I was born in 1988 to a rich white family on the East Coast of the United States of America. For those keeping track, I was diagnosed with PDD-NOS when I was 9 and Asperger’s when I was 14--but all that really tells you about me is that I was born in 1988 to a rich white family on the East Coast of the United States of America.
By the time I was 18, I had been undiagnosed many times by people both qualified and unqualified to do so; and after a brief flirtation with Autistic culture I soon succumbed to the implications of the types of praise and encouragement young disabled people often receive. When we succeed we’re told that we’re not really disabled or that we’re different from other disabled people. The idea of being a real average disabled person becomes unacceptable. Being approved of or getting the things that we want is associated with not being something that we are; so, growing up, we bury part of ourselves.
I grew up to be a buried young adult. When I associated autism with myself at all, I identified as “very high-functioning” or “someone who used to have Asperger’s.” I even wished there was a word for someone who was more high-functioning than Asperger’s, since I felt I was on the very, very mild end of that spectrum, almost disappearing into thin air.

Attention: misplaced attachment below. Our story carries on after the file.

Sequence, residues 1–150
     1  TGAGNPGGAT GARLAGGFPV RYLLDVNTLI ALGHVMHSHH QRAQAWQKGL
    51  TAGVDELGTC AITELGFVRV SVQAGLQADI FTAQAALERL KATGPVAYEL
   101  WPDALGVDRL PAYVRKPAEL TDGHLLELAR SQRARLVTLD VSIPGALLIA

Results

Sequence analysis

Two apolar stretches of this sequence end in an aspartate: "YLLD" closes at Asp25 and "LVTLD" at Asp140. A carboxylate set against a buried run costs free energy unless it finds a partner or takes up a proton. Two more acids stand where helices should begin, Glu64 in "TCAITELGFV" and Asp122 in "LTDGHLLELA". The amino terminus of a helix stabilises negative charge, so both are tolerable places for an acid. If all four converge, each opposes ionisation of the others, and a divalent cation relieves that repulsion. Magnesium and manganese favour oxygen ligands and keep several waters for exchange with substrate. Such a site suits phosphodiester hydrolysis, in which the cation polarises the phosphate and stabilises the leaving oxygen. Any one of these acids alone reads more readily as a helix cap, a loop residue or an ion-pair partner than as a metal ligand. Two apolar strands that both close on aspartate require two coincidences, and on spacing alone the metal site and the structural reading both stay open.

I experienced a lot of intense emotions, but ultimately calmness and joy, when I was around disabled people; so in college, I decided that I wanted to work with disabled people professionally. As I began to get experience doing this, I became aware of two things. First, I learned that I liked real average disabled people and would like to be one. I also learned that disabled people were often treated or judged in ways that didn’t make sense but were accepted as natural.
So, I became interested in analyzing and taking apart some of the “natural” judgments and decisions that are made about disabled people, and that’s most of what I do here. In the process of writing this blog and learning from other blogs, I’ve made some real average disabled friends and acquaintances who have helped me get better at being RAD.
In a few weeks I’ll graduate from college and go work at a summer camp for teenagers and adults with disabilities. I don’t know what I’m doing after the summer, so I can’t write a better description of my life circumstances. The best way to describe my “disability experience” is to say I’m a cognitive zombie and an emotional werewolf, but I’d rather not try. I’m Christian, queer, and cis; I write genre fiction about dishonest people; and I used to make pop music.
Here is a picture of me with a book I really like, but unfortunately have to write a paper on soon:
[Image description: a white girl with blond hair wearing a black shirt, blue nail polish, and a ring, sitting in front of a window in a white room and holding up Showings by Julian of Norwich. Unintentionally covering up Christ's face. Overdoes image descriptions and as a result tends to avoid them or put them as alt text so no one finds out how dumb the image description is without using a screen reader, or hovering over the image to see what it says.]